Legislature(2017 - 2018)BUTROVICH 205
03/22/2018 03:30 PM STATE AFFAIRS
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|Confirmation Hearing(s): Lieutenant Governor Successor, Board of Fisheries|
* first hearing in first committee of referral
= bill was previously heard/scheduled
= bill was previously heard/scheduled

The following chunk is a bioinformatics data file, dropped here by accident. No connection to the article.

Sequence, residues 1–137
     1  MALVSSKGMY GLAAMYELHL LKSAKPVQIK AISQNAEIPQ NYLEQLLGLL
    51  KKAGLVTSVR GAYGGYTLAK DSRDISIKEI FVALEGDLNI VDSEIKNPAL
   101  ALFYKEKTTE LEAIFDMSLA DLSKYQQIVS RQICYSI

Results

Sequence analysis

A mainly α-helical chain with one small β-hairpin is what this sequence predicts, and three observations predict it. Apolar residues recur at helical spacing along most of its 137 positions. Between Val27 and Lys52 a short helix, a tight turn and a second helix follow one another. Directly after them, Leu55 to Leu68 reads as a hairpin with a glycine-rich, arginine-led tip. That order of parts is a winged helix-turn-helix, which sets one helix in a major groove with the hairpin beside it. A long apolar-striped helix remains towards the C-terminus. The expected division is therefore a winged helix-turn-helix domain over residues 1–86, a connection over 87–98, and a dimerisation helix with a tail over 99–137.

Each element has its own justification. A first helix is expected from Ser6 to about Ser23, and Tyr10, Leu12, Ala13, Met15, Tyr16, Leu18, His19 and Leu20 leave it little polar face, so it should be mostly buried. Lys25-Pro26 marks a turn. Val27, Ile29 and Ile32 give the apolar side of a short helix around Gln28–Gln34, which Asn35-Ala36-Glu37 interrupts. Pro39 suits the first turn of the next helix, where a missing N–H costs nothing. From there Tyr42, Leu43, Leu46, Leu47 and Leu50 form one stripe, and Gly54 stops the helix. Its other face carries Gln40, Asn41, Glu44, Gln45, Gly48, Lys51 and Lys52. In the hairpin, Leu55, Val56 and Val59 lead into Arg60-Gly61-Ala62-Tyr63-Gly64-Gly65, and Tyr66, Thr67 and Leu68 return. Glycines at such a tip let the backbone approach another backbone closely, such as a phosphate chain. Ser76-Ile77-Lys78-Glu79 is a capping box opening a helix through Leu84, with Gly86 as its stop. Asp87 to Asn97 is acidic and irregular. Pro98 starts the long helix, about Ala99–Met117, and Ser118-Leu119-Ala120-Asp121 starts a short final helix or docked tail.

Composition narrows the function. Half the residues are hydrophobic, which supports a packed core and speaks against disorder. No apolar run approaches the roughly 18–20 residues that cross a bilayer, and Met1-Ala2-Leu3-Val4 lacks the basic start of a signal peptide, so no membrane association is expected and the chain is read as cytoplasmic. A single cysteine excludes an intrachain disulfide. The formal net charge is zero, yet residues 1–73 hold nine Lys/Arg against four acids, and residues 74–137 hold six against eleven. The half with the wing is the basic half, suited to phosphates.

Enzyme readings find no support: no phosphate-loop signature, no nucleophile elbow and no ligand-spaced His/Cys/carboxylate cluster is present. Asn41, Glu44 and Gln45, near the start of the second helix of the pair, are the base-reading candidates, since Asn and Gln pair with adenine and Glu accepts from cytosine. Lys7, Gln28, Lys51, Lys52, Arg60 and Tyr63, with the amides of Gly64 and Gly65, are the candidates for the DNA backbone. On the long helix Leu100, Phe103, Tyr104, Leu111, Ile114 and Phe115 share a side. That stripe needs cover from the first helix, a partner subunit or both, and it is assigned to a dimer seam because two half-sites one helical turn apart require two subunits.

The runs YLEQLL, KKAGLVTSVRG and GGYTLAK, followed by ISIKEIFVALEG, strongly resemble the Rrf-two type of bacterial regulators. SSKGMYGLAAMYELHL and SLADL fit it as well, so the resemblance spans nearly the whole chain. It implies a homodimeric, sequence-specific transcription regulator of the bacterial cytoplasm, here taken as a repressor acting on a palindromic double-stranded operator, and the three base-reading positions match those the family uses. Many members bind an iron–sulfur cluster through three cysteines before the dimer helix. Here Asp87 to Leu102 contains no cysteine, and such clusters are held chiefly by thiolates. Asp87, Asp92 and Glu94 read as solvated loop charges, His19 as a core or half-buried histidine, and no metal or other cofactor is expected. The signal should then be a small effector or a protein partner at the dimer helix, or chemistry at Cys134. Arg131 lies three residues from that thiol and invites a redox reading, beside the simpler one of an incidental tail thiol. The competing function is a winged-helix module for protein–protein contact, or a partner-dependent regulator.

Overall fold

HB 31-SEX ASSAULT TRAINING & EXAM KITS; DOM VIOL 4:37:09 PM CHAIR MEYER announced the consideration of HB 31. 4:37:33 PM At ease. 4:38:21 PM CHAIR MEYER called the committee back to order. 4:38:42 PM REPRESENTATIVE GERAN TARR, Alaska State Legislature, Juneau, Alaska, sponsor of HB 31, provided an overview as follows: We have been working on the issues related to how we process our sexual assault kits for the last few years, starting in 2014 when I was contacted by a national organization called "End The Backlog," and it was an issue that I was not familiar with but through their organization learned about this effort and basically across the country there are these sexual assault kits that have not been tested, there's a variety of reasons that's been the case in the past, but it's been thousands and thousands of kits and there's become a movement around reforming how we deal with these kits and basically using it as a tool to address serial sexual assaulters and that is what has been found to be very helpful in accomplishing. We started out with a bill related to an audit that was the first piece of information that we needed to try and understand the extent of the problem in Alaska. At the same time the Federal Department of Justice started offering some grants because this issue took on a national impact and so they were offering these grants so then at that time the governor's office applied for one of the grants so there are kind of two things happening at once then, once those grant dollars were received by the state, the Sexual Assault Kit Initiative (SAKI) was formed and we have been working closely with them and trying to unravel where the problems are in Alaska and what we can do to address those issues. There are several different things that we could choose to work on at this time, but we have confined it to a few items right now because these are things that we can make changes to pretty immediately and continue working with the SAKI for more long term changes that we think will result in a much better system that functions well and makes sure it keeps the public safe. 4:40:50 PM REPRESENTATIVE TARR explained the bill's components as follows: This particular bill addresses three components. One is the audit and that piece was thankfully put into Senate Bill 55, so we got the first audit last year but it continues and has that same provision in it so that we can get an annual update of the status of the kits and the progress in Alaska, and that audit I would say was really helpful for us this year because what it did was help us define sort of the universe of untested kits, how many are out there, where are they and kind of get everybody on the same page because now we can actually come up with a plan of how we are going to address the backlog of untested kits. So, the audit provision remains, and I think that's an important way for the state to get updated, the Legislature to get updated on the progress and on an annual basis have a number that we are working off of, so we know progress is being made. We've worked closely with the department on that provision and my understanding is that they feel like that could be easily implemented as an ongoing thing that because we did it through Senate Bill 55: again, thank you to Senator Coghill for that last year, that infrastructure is in place to continue that on an annual basis and at some point that may not be necessary, but I think it's going to be a multi-year effort here for us to continue to working on this and it will keep us getting accurate information. So, one piece is the audit. 4:42:06 PM She continued as follows: A second piece is related to sexual assault training for law enforcement officials. Most folks in Alaska go through either the academy in Anchorage or the trooper academy unless there is someone who perhaps comes in, does a lateral transfer or something, but most of our folks are going to come through those two academies, but right now what the statute says is it requires that 12 hours for training on domestic violence, but it doesn't specify that there is also training required on sexual assault response, even though that is happening in practice. The recommendation to include this actually came in from the folks who are working on this, that way it is clear that it should be both domestic violence and sexual assault, there are ways that those can be the same information because, of course, a domestic violence situation could involve a sexual assault, but there are also instances where that is different and what we want to ensure that we have a good victim-centered approach and so that if someone is assaulted it doesn't matter whether it happened in northern Alaska or southeast Alaska, that there's going to be a strong victim- centered approach and that everybody is going to get the same response and treatment. 4:43:17 PM REPRESENTATIVE TARR continued as follows: The third provision is related to the actual options for a victim to report. About a year ago the Federal Department of Justice released a "white paper" on this very provision and there's a couple of ways to look at this, and this sort of took me a little bit to wrap my head around because when you start working on this and see what some of the results have been in other states, there's a strong motivation to say everything single kit needs to be tested because that individual could be a dangerous criminal and we want to get them off of our streets; however, we have to make sure that we have a victim-centered approach and it isn't always the case that a victim wants to engage in law enforcement and so we really do have to make sure that we have an opportunity for them to have the kit taken or evidence collected because it has to be done in a timely fashion if it's not done in about 72 hours then your evidence collection isn't going to be useful. Unfortunately, you have someone who just experienced a very traumatic situation, that has to go in for an invasive medical procedure to do the examination and collect the evidence and might not be the right time for them to make the decision about where they want to go, do they want to pursue a case with law enforcement or do they want to just make sure they don't have health issues as a result of the assault or STD testing, things like that. Because you have that limited window of time when you can do the collection, having a couple of different options is the best way to make sure that the individual who experienced the assault can choose what works for them. So, what we put in, and you will notice in the original version there were actually three different opportunities for a victim and in working with the department and through the SAKI that has been going on, we've been able to decide that this number-two can come out and as you look at it, what looks like number-three, one and three would be the two that remained, so you would have the option of getting the evidence collected and choosing to engage with law enforcement right at that moment and you would have the second option of an anonymous report and that allows you to choose at a later date whether you want to engage with law enforcement or not, and we are told that often the individual does choose to move forward, but needs a little bit of space from that whole experience to be able to get a support network around them, but able to work with the people who are trained to provide that kind of response, the trauma response, and once they feel more secure, more safe, more stable, that they know that that's something that they can move forward with then make that choice, but you haven't missed that window of opportunity when you can actually collect as evidence that would be usable. So, those are the two options that are allowed for that. 4:46:09 PM REPRESENTATIVE TARR summarized as follows: So, those are the three parts that are in the bill now. Some of the other provisions that people may want to consider in the future are a timeline within which all of the kits have to be tested, that was one thing we considered. Also, from the folks who have been working on this nationally, they are really pushing for a way for a victim to be able to track where their kit is, so that is something that we might consider at a later date. So, there are a couple of those other pieces out there that you may have heard of in the conversation, that's why I wanted to mention them today, but these ones are confined to the items that the department has said they can do at this time without a fiscal impact which is really important to the work we are all trying to accomplish in developing our sustainable fiscal plan, but can be meaningful and I think that is really important. I know that Senator Meyer, and I thank you for your leadership on sexual assault issues and always acknowledging April as Sexual Assault Awareness Month, this is something that we try to work together on and so I'm encouraged that there is an option here where we can make meaningful changes that could have a positive impact, but also aware of our fiscal situation right now, don't have a big price tag attached to them. 4:47:20 PM CHAIR MEYER asked if 3,400 kits remain untested. REPRESENTATIVE TARR answered yes. She explained that batches of kits were being sent out to be tested, but there was a backlog in the facilities that do the testing because a lot of states were trying to move forward as well. She conceded that testing will take some time and noted hundreds of thousands of dollars is needed for all the kits to be tested. She said federal grants dollars would be used but noted that an audit would be helpful to assist in the process. She said prosecutions may occur because of the testing. She stated that the process would be ongoing, and her hope was that everyone will work together. 4:49:01 PM CHAIR MEYER thanked Representative Tarr for her leadership in sexual assault exam kits. He continued as follows: Often times we get asked what are our favorite bill that we ever got passed and mine was when we were able to drop the statute of limitations on rape and sexual assault; unfortunately, that was in 2001 or 2002, so anything prior to that we cannot go after. With these kits and with DNA, we are able to go back 10, 15, 20 years or more. SENATOR WILSON asked if the legislation assists current practice and specified as follows: During my time as a director of a DVSA program, we started a program in the Mat-Su and working with the SART team there, we already had these protocols in place in terms of anonymous reporting, I just didn't know if that was part of the statute. Is this just needed to help that, sort of? I'm trying to understand the need for anonymous reporting in statute versus what is currently in practice. I didn't know if there was an issue that's happening out there or not, and that's sort of a DPS type of question, I know that they still funded folks who wanted to have SART kits ran for the anonymous process. I didn't know if that was a new issue that was now coming up or not. 4:50:28 PM REPRESENTATIVE TARR replied as follows: What we hope to accomplish is to have a standard statewide policy. What has been explained to me, and that also relates to why we want to put the 12 hours of training in, is that there's over 200 law enforcement agencies in the State of Alaska, in some cases people are doing things a little bit different from the next and by having that standard policy it will ensure that everybody is getting that opportunity. SENATOR WILSON said his other question related to getting the actual number of untested rape kits. He conceded that his question may be better posed to the Department of Public Safety (DPS). He said his last question addressed the audit language in Senate Bill 55 and asked if the audit would be only for one year or for an annual audit. REPRESENTATIVE TARR replied yes and noted that committee members were provided with a report given to the Legislature on November 1, 2017 regarding the single-year audit. She continued as follows: This is where it states that there are 3,484 sexual assault kits inventoried; 3,219 were in the possession of the 7 largest agencies and that is the number we are working off of right now. The SAKI grant allows a portion of the grant money to be used to test kits and under these grants 571 sexual assault kits were identified as eligible for testing and those are the ones that are going to be sent outside to the contractor. 4:53:03 PM CHAIR MEYER opened invited testimony. SENATOR WILSON asked Mr. Dym from DPS to specify the number of sexual assault kits that remain untested. 4:53:39 PM ORIN DYM, Forensic Laboratory Manager, Alaska Department Public Safety, Anchorage, Alaska, answered questions relating to HB 31 as follows: We did provide the number in our report and what I can say is we have sent 300 kits so far to the contract vendor for analysis, we have not received any of those kits back yet, so they are not yet completed. We have another 132 kits staged, ready to go. Our vendor did request that we delay sending those because they ran out of space to put the kits. We have 432 kits scheduled to go to the vendor. We will be waiting to see whether or not we run out of money with those kits as to whether or not we can continue to send kits. SENATOR WILSON asked how testing for sexual assault kits is prioritized. 4:55:17 PM RANDI BREAGER, Criminal Justice Planner, Scientific Crime Detection Laboratory, Alaska Department of Public Safety, Anchorage, Alaska, answered questions relating to HB 31 as follows: We established a triage protocol to identify how we were going to send kits and in what order knowing that we might possibly run out of funds before we can test all 571 eligible kits. We prioritized first based on cases that have an unknown suspect or a stranger assault, essentially. Our next priorities where all sexual abuse of minor cases. The next step was any suspect that had more than ten incidences in their criminal history and that goes beyond sexual assault, so they could have a number of different other crimes attributed to them. Our next one was known suspects but not in [Combined DNA Index System (CODIS)] yet, and then our final category is a mix of the remaining kits. SENATOR WILSON pointed out that only 571 sexual assault kits were eligible and inquired what occurred with the remaining kits and would the state have to test the remaining kits. MS. BREAGER replied as follows: No, that's a great clarification point. So, the 571 kits are actually only Department of Public Safety- Alaska State Trooper kits. What we did with this grant was we applied first isolating Alaska State Trooper cases because they are within the jurisdictional control of the Department of Public Safety and we are utilizing it as sort of a pilot project if you will because it is taking an immense amount of resources for personnel and time to organize this project and we knew the smaller departments would not have the resources to dedicate to that level of a project. So, we are hoping by us going through this process that we will be able to provide policy recommendations, best practices, templates, etcetera, for all of the smaller departments to copy and implement, they could choose to apply for grant funds on their own or we can continue to have conversations about what it might look like for the state to help with that. CHAIR MEYER asked Ms. Breager if she had anything to add. MS. BREAGER replied that Representative Tarr did an excellent job explained the bill step-by-step and she did not have anything else to add. She noted that Representative Tarr worked closely with the Department of Public Safety throughout the process and she did a great job summarizing the feedback from multiple agencies. 4:58:19 PM CHAIR MEYER opened public testimony. 4:58:56 PM KEELEY OLSON, Standing Together Against Rape (STAR) and Alaska Network on Domestic Violence and Sexual Assault (ANDVSA), Anchorage, Alaska, testified in support of HB 31. She disclosed that there were 413 sexual assault kits submitted in 2017 and approximately 235 occurred in Anchorage. 5:00:31 PM NANCY PORTO, representing self, Kirkland, Washington, testified in support of HB 31. She disclosed that she grew up in Alaska and noted that she testified at a committee meeting in 2016 regarding her sexual assault that occurred in 2013. She revealed that she consented to a full rape kit examination, but the kit has not been fully processed and results have not been received from the biological evidence portion of her exam. She provided committee members details of her sexual assault and examination results. She disclosed that she continues to inquire about her examination but eventually leaves messages and no callbacks occur. She asked the committee to support the bill to provide closure for herself and others. 5:03:12 PM CASSANDRE HUMPHREY, representing self, Burbank, California, testified in support of HB 31. She disclosed that she is the sister of Nancy Porto and supports the need for action regarding sexual assault kit processing. She disclosed personal information on family members and friends who have been sexually assaulted in Alaska, noting that none have received justice. She asserted that Alaska's system on sexual assault has failed her sister and emphasized that victims need to know that their crimes will get a real response from the justice system and hopefully in turn, sexual crimes will eventually decrease in Alaska. 5:07:04 PM JANIS JOHNSON, representing self, Valdez, Alaska, testified in support of HB 31. She asserted that the sexual assault kit backlog compromises prosecution and allows perpetrators to continue at large and repeat their assaults and reoffend. She said not processing sexual assault examination kits was devasting to victims and the backlog needs to be addressed. She asserted that law enforcement agencies need to be accountable for the kits that have not been processed so that the justice department can prosecute. 5:08:50 PM BESSIE ODAM, representing self, Anchorage, Alaska, testified in support of HB 31. She said victims of sexual assault deserve justice and they deserve the protection of the law. She asserted that proper procedures must be taken to ensure that victims of sexual violence are able to get the closure they need and deserve. 5:09:45 PM SALLY PORTO, representing self, Anchorage, Alaska, testified in support of HB 31. She disclosed that her two daughters spoke earlier. She emphasized that no action has been taken over the past five years by state authorities to resolve her daughter's sexual assault. 5:12:48 PM JANE ANDREEN, representing self and the Alaska Women's Lobby, Juneau, Alaska, testified in support of HB 31. She provided the committee with her background in sexual assault training. She revealed that she was sexually assaulted in Minnesota in the 1970s and detailed her rape examination and police interview. She disclosed that she has never received any word on whether an arrest was made or what the results of her examination were. She explained that her sexual assault incident led her to move to Alaska and to work in the areas of domestic violence and sexual assault. She detailed her history in Alaska regarding domestic violence and sexual assault as follows: While in Homer as the director of South Peninsula Women's Services, we worked with South Peninsula Hospital to bring the first SART training to Alaska, and then when I took over as the director of the State Council on Domestic Violence and Sexual Assault in 1994, I was able to play a role in helping to expand that team approach across the state. I've dedicated a lot of my life to this issue and wanting to make it be much more victim centered and much more empowering as well as to be an affective tool in making arrests and holding offenders accountable. After I retired from the state about 18 months ago, I was working with one of the local programs on contract doing a needs assessment and as part of that I looked into the statewide data that we have and I just wanted to share for 2015, our Alaska victimization survey that is conducted by the University of Alaska Justice Center reported that 7662 adult Alaska women were raped in 2015, at that same time we look at the uniform crime report which is the reports that were made to law enforcement, there were 895 confirmed reports. So, you go from 7662 down to 895, and of those 895, only 130 arrests were actually made; this is a crime that represents between 10-20 percent of our violent crimes that are reported in Alaska every year, and yet we have the lowest conviction rate, we need this tool. I often wonder, because rapists are repeat offenders more often than not, how many other women were affected by that man who attacked me and what we could do if we could get this backlog cleared off. I really want to commend Representative Tarr for the work that she is doing and dedication, and also for the work that I know you have done individually and as a legislature, but for these reasons I think it is really important to support this bill and move these kits forward. 5:16:37 PM ALYSON CURREY, Legislative Liaison, Planned Parenthood Votes Northwest and Hawaii, Juneau, Alaska, testified in support of HB 31. She expressed her appreciation for Representative Tarr's leadership on the issue. She thanked those that testified and shared their personal stories. She asserted that the bill would clearly have a direct and positive impact for victims of sexual assault in Alaska who are waiting for closure and justice. 5:17:55 PM CHAIR MEYER closed public testimony. 5:18:15 PM SENATOR GIESSEL moved to adopt Amendment 1, version 30- LS0271\O.2. AMENDMENT 1 OFFERED IN THE SENATE TO: CSHB 31(FIN) Page 3, line 3: Delete "three" Page 3, line 8, following "system;": Insert "or" Page 3, lines 9 - 15: Delete all material. Renumber the following paragraph accordingly. Page 3, line 28, through page 4, line 25: Delete all material and insert: "* Sec. 6. AS 44.41 is amended by adding a new section to read: Sec. 44.41.070. Report on untested sexual assault examination kits. (a) By September 1 of each year, each law enforcement agency and state department charged with the maintenance, storage, and preservation of sexual assault examination kits shall conduct an inventory of untested sexual assault examination kits and report, in writing, to the Department of Public Safety the number of untested sexual assault examination kits in the possession of the agency or department and the date on which each sexual assault examination kit was collected. (b) By November 1 of each year, the Department of Public Safety shall prepare and transmit a report to the president of the senate and the speaker of the house of representatives that contains (1) the number of untested sexual assault examination kits stored by each law enforcement agency or department; (2) the date each untested sexual assault examination kit was collected; and (3) a plan for addressing the backlog and prevention of a backlog of untested sexual assault examination kits. (c) The Department of Public Safety shall deliver a copy of the report prepared under (b) of this section to the senate secretary and the chief clerk of the house of representatives and notify the legislature that the report is available. (d) In this section, "untested sexual assault examination kit" means a sexual assault examination kit with evidence that (1) has been collected but that has not been submitted to a laboratory operated or approved by the Department of Public Safety for either a serological or DNA test; or (2) has been collected and submitted to a laboratory operated or approved by the Department of Public Safety but that has not had a serological or DNA test conducted on the evidence. * Sec. 7. This Act takes effect July 1, 2018." CHAIR MEYER objected for discussion purposes. 5:18:33 PM DIANA RHOADES, Staff, Representative Tarr, Alaska State Legislature, Juneau, Alaska, explained Amendment 1 for HB 31 as follows: Earlier this year, Representative Tarr met with victim advocates and the Department of Public Safety to talk about as we mentioned the three reporting options and the need to remove the middle reporting option, we call it the "medical option." What this bill would do was on page, "delete 'three,'" so it is basically removing the middle option, the "medical option," and then it actually updates the information about the "reporting option" so that the original language had the one-time audit and this would make it be an annual audit, and then it just changes the dates in the bill, the bill says 2017 and it updates those dates. CHAIR MEYER asked if the bill has a zero fiscal note. MS. RHOADES answered yes. CHAIR MEYER asked if the amendment would change the fiscal note. MS. RHOADES answered no. 5:20:01 PM CHAIR MEYER removed his objection to Amendment 1. He announced that without objection, Amendment 1 was adopted. SENATOR WILSON noted that legislators can just ask for a report and questioned the need for statutorial reporting. MS. RHOADES answered as follows: It's just to make it clear that we have that reporting requirement so that it was one of the recommendations from across the country that it is very clear that there is this reporting requirement instate and it's by November 1 of each that the information should be collected and reported. 5:21:53 PM SENATOR GIESSEL moved to report SCS CSHB 31(STA), version 30- LS0271\O as amended, from committee with individual recommendations and attached zero fiscal note. 5:22:07 PM CHAIR MEYER announced that there being no objection, the motion carried.